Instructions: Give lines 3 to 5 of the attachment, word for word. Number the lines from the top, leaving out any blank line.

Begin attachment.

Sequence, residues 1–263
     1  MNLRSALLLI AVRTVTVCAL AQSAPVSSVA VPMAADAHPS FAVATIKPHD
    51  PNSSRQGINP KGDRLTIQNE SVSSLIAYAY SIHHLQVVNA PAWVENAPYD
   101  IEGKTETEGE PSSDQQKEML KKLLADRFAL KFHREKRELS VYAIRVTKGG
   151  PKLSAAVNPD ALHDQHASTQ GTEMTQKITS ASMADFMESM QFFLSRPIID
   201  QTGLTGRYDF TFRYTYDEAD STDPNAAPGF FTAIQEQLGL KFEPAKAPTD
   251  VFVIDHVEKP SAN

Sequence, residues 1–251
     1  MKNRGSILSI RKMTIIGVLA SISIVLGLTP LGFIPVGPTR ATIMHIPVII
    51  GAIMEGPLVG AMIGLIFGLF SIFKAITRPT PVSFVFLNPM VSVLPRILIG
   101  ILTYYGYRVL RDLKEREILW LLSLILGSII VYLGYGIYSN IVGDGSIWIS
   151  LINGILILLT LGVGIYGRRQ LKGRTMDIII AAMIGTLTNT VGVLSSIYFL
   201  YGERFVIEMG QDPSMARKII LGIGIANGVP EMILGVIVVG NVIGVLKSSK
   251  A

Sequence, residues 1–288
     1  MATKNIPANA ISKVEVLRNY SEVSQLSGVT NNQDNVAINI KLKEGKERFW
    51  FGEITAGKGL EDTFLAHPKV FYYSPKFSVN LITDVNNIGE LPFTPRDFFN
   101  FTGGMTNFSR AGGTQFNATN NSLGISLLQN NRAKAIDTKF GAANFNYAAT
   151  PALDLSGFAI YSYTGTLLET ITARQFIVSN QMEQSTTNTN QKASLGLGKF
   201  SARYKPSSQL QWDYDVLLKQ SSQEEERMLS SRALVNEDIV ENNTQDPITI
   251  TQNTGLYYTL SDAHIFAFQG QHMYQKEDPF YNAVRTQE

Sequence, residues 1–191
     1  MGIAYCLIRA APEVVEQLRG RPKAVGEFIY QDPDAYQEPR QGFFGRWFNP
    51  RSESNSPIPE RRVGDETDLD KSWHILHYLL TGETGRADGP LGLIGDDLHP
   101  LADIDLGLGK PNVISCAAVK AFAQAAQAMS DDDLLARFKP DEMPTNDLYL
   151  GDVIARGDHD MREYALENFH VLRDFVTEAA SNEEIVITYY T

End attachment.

    51  PNSSRQGINP KGDRLTIQNE SVSSLIAYAY SIHHLQVVNA PAWVENAPYD
   101  IEGKTETEGE PSSDQQKEML KKLLADRFAL KFHREKRELS VYAIRVTKGG
   151  PKLSAAVNPD ALHDQHASTQ GTEMTQKITS ASMADFMESM QFFLSRPIID